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The SIX Do-it-Yourself Home Repairs We Bail People Out of Most

It’s been said that “pride comes before the fall.” You may want to check me on this because your humble correspondent is not a historian, but I’d say this quote originated from do-it-yourselfers who insist on hanging ceiling fans.

Look, we all want to be heroes in the eyes of our families. Even though a man might spend 40 hours a week at a keyboard, with the only physical activity being getting up for bathroom breaks every once in awhile, he still has an instinctive, prideful need to demonstrate to himself and to others his mastery of the physical world – that he can use his mind and body to do the types of things everyone can understand are useful, unlike what he is doing at that keyboard, which nobody but him understands.

So a pride-energized homeowner constantly looks around for SEEMINGLY simple do-it-yourself home repairs to perform. He identifies one and, within minutes, discovers he brought the wrong tools. So he wanders around and comes back with more wrong tools. After a whole lot more time has passed than expected, he is frustrated, and realizes he is stuck. 

Unwilling to concede defeat, he explains to his family that the problem is that no house in the history of houses has ever had the condition he is facing, and he pledges to continue the work next weekend…then the following weekend…etc. This process may go on for months, until the humiliation of continuing the job exceeds that of calling Fix St Louis. BTW, this homeowner may be relieved to know that we cannot indulge in looking down on those who fail at home repairs because our culture generally provides higher compensation to those who do non-understandable things on keyboards.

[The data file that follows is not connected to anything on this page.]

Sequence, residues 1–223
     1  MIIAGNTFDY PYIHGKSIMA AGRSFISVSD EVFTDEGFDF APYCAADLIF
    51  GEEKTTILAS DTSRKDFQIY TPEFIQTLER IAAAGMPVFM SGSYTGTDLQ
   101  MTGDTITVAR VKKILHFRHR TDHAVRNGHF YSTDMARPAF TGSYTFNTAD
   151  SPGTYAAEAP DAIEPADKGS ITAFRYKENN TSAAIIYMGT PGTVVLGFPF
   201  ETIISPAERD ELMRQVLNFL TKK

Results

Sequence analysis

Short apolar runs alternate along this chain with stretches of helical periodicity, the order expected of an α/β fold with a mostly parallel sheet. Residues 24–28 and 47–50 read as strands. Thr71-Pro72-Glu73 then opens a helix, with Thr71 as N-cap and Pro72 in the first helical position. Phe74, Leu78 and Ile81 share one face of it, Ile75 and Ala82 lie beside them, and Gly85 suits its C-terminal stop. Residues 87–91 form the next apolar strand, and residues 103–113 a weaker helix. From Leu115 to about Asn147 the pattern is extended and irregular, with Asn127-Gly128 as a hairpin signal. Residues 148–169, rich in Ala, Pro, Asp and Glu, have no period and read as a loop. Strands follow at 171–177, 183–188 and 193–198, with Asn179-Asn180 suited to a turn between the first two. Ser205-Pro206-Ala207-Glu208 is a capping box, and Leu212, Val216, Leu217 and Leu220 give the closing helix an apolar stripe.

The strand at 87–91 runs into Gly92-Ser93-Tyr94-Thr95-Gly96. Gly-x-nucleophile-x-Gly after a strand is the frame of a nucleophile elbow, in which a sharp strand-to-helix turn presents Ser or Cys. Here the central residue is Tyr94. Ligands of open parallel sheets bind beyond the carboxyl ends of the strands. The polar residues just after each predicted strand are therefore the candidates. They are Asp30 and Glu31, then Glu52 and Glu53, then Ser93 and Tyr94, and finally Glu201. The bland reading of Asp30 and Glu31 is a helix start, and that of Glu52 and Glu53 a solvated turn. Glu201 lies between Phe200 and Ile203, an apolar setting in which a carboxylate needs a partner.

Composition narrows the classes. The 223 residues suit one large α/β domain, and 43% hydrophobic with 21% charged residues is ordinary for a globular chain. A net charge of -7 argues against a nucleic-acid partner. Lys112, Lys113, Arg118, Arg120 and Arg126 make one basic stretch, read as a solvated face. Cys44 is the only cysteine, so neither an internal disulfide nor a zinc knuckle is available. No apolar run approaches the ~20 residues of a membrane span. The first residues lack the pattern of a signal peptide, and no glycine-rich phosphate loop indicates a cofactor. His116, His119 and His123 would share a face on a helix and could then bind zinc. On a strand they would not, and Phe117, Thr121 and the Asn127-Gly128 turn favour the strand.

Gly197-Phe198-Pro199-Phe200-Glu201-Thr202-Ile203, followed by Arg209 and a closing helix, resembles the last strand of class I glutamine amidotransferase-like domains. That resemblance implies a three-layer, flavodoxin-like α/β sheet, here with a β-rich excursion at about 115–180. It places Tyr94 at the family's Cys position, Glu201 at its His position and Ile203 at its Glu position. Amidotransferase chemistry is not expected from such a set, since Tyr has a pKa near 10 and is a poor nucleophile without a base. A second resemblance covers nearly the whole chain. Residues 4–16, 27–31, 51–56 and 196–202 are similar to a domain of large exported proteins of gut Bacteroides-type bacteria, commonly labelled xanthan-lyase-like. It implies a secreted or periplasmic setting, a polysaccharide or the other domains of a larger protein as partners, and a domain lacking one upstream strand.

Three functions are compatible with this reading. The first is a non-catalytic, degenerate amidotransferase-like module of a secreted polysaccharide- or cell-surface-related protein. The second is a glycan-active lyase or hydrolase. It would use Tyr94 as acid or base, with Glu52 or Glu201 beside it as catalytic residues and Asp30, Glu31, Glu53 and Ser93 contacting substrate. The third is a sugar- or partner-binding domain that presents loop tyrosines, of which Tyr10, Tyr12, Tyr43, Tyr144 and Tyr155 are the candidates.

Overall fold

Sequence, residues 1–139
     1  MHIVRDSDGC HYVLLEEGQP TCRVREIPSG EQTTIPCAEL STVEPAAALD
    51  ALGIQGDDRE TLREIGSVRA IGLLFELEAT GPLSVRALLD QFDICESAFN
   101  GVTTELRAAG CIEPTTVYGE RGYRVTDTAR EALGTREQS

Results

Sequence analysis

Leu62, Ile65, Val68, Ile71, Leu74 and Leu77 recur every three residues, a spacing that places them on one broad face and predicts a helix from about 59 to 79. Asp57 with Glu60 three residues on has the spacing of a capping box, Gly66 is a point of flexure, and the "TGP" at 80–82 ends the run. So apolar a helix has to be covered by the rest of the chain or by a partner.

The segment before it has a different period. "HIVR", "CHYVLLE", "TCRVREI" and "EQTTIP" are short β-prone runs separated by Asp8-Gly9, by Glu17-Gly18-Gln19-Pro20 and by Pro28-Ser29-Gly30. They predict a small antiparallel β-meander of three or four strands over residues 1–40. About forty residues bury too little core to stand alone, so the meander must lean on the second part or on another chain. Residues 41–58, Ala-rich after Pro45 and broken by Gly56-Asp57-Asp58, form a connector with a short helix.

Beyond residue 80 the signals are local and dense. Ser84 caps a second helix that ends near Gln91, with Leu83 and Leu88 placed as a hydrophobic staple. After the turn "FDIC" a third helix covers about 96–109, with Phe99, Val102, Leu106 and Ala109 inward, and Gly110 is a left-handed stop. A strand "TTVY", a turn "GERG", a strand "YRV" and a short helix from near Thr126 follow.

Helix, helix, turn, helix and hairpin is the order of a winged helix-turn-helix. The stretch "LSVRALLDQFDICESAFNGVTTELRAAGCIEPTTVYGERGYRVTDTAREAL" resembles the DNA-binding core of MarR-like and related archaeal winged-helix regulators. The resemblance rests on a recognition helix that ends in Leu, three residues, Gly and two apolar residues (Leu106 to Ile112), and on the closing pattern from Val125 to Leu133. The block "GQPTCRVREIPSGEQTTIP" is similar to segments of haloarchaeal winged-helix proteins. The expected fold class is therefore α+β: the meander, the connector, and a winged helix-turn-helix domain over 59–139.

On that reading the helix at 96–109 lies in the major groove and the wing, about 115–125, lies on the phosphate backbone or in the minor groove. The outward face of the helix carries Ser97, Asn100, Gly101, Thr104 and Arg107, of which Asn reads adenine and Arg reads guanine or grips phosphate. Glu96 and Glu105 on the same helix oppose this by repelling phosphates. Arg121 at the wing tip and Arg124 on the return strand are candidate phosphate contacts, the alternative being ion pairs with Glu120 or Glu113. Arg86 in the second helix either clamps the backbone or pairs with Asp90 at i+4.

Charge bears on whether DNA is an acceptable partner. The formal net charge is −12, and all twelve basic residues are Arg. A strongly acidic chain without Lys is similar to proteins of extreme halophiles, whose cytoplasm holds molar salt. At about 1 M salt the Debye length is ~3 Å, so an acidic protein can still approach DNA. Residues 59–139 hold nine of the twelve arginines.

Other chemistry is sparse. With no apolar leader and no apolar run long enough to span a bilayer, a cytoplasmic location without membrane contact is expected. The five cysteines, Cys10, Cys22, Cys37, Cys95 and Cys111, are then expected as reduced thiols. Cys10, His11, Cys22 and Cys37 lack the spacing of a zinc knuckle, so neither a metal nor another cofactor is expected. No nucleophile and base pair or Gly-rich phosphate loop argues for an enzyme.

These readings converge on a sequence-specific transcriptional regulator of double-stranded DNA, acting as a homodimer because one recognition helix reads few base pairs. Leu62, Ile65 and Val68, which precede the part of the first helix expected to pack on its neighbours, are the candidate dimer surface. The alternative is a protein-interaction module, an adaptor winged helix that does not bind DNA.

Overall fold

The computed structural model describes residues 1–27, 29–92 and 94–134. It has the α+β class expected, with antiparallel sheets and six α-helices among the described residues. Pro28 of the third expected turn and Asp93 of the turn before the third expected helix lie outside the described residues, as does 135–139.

So, which home repairs is Fix St Louis most frequently called-on to finish? The ones that lure do-it-yourselfers in because they are misperceived as “simple”? Here are the top six:

Pop-Up Sink Stopper

When you want to fill-up a bathroom sink, you know that stopper at the bottom of the sink that goes up and down when you raise or lower the stem at the back of your faucet? Seems simple, right? But, in repairing one you will come across parts and fittings you have never seen before. And you almost need the mind of someone who plays 3D chess to figure out how to make the right adjustments on each of them, because some parts go down at the same time that others go up. These adjustments are critical to perform the miracle of fully sealing the drain hole on one hand, and not popping-up so high that your priceless earrings will fall down the drain on the other. Now, it might make sense to spend your time trying to fix one of these if it actually raised your IQ by 2 points, which in a fair world it would. Unfortunately, we have not yet been able to detect that difference in our staff. In any event, at Fix St Louis we’re plenty smart enough to fix them.